This site is intended for health professionals only


Roundtable: The next generation of practice nurses



Earlier this year, just before the coronavirus took hold, Nursing in Practice sat down with members of the General Practice Nursing Student Nurse Network (GPN SNN) to explore the many rewarding and challenging aspects of being a practice nurse.

IMAGE: From left to right: Claire Carmichael, Christy Egan, Vanessa Anthony, Sarah O’Donnell

We chatted to…  
Claire Carmichael (CC) GPN SNN ambassador – a newly qualified practice nurse who graduated from Birmingham City University in 2019.
Christy Egan (CE) GPN SNN ambassador – a newly qualified practice nurse in North Durham who graduated from Teesside University in 2019.
Vanessa Anthony (VA) GPN SNN ambassador – a second-year student nurse at the University of Greenwich.
Sarah O’Donnell (SO) GPN SNN lead – a practice nurse in West Yorkshire who graduated from the University of Bradford in 2014.

Earlier this year, just before the coronavirus took hold, Nursing in Practice sat down with members of the General Practice Nursing Student Nurse Network (GPN SNN) to explore the many rewarding and challenging aspects of being a practice nurse.

The network, which launched in 2018 with funding from NHS England to support the delivery of the GPN Ten-Point Plan, also aims to raise the profile of general practice nursing, and promote it as a student placement and career choice.

To do so, 30 GPN SNN ambassadors work to engage student nurses by visiting universities, acting as a point of reference and fielding questions, and remaining visible on social media. It is this accessibility which the GPN SNN hopes will increase awareness among student nurses.

Nursing in Practice’s reporter Mimi Launder chatted with three ambassadors and the GPN SNN lead about their experiences, why they chose practice nursing over a hospital job and how to encourage more newly qualified nurses to follow in their footsteps.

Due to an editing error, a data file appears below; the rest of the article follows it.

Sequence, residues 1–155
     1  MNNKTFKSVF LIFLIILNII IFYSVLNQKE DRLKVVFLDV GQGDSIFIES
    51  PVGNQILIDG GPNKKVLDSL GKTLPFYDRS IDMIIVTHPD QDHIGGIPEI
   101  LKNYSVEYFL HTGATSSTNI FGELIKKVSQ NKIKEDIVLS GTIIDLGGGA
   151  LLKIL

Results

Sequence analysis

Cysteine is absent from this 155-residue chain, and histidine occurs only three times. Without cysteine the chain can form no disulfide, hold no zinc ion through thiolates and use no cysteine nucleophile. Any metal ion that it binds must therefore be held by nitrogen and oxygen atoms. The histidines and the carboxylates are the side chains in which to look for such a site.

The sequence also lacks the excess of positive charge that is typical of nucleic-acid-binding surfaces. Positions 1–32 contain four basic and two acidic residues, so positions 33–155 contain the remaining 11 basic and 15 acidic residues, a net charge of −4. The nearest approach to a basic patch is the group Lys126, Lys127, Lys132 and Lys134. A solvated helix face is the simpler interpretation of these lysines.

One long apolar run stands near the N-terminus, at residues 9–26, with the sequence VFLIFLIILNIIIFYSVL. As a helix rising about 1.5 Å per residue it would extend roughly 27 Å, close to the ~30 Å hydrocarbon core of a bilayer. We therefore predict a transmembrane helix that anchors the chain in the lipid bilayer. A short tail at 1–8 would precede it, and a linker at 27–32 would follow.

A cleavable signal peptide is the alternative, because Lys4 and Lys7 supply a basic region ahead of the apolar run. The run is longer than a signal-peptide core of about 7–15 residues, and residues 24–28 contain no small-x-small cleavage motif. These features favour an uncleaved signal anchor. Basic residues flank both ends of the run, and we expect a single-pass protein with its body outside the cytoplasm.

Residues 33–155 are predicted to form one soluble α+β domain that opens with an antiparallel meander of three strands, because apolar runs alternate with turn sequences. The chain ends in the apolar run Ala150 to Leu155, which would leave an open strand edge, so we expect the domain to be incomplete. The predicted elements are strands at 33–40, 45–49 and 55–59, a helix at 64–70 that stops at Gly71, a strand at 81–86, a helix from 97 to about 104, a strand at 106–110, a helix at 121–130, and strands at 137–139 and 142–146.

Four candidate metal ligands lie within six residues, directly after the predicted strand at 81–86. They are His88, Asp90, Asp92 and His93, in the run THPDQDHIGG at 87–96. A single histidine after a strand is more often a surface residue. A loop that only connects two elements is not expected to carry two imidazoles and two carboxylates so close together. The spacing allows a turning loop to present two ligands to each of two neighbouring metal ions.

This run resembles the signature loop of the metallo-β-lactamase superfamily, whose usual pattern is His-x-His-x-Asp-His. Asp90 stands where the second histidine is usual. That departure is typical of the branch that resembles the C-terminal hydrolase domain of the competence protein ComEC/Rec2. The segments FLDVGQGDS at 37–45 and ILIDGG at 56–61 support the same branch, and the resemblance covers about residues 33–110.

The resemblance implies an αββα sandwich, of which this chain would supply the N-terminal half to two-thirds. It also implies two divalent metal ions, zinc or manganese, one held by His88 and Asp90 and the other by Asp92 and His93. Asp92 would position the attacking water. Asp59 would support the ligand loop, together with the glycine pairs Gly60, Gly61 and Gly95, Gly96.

Why do you think the GPN SNN is important?

SO: For me, the people with the loudest voices are the students. I felt like we needed a network of students to go and talk to other students. Even though I’m only six years qualified, I’m still quite far removed now from the students. I think that if you hear something from your peers, you’re more likely to listen.

Why did you first become interested in general practice nursing?

SO: I knew before I even started my nursing degree that I didn’t want to work in a hospital. I don’t like the environment. You take away a lot of the patients’ rights. That’s just the nature of it. It’s not like anybody means to. But then you go into community care, where you see people in their own homes. For me, GPNs are frontline members of staff because we are a patient’s first point of contact. We also educate the population. Everyone will turn up at a GP practice. If you’re a GPN, you stay with people from birth to death.

One of the other reasons I went into practice nursing was the autonomy. For example, I don’t need to go through a doctor much to make decisions. Doctors actually come to me for diabetes or respiratory advice. I feel you are an even bigger part of the team as a practice nurse.

CE: I like that there’s no age restriction, and that you get to work with everybody across the full age continuum.

CC: On the ward, I didn’t like that you’d never see that patient again. I’d still think about patients on wards and think, ‘What happened to them? Are they dead? Are they alive?’ In general practice, you can build a rapport, get their number and just ask, ‘Are you all right? Did you get home okay?’

There is also lots of career progression in practice nursing. As a GPN, you can be a partner. You can do your prescribing. You can do your clinical skills. You can work your way up to become a nurse practitioner. You just keep going.

VA: I had part-time work as a community carer. I think that’s where my interest in general practice came in, having that privilege of being in individuals’ own homes and seeing what their real care needs are. Patients become a bit more transparent than when you’re in the acute setting. Whenever I’m on placement on the ward, I feel as though patients may hold back. It’s like they don’t want to bother you.

I also love giving autonomy and empowerment to patients and letting them be involved in their own care. You don’t get to do that in an acute setting. You dictate to them, basically.

How do you think general practice nursing is viewed by other student nurses and nurses?

SO: It’s hard being a GPN because other nurses don’t always appreciate what our job is and how we work. It’s like, ‘Oh, you’re just the GPN’ or ‘Don’t be stupid. You are much better than that.’ It really upsets me. This is what I want to do! It needs to be treated the same as every other area of nursing.

CE: When you are a student on placement, especially in your third year, people start talking about jobs. You say, ‘I’ve been offered a post in general practice’ and they say, ‘No, don’t do that. You must go on a ward first. You must get experience.’ At the time, I thought, I’m just going to ignore everybody and do what I want to do for once. It was the best thing I ever did.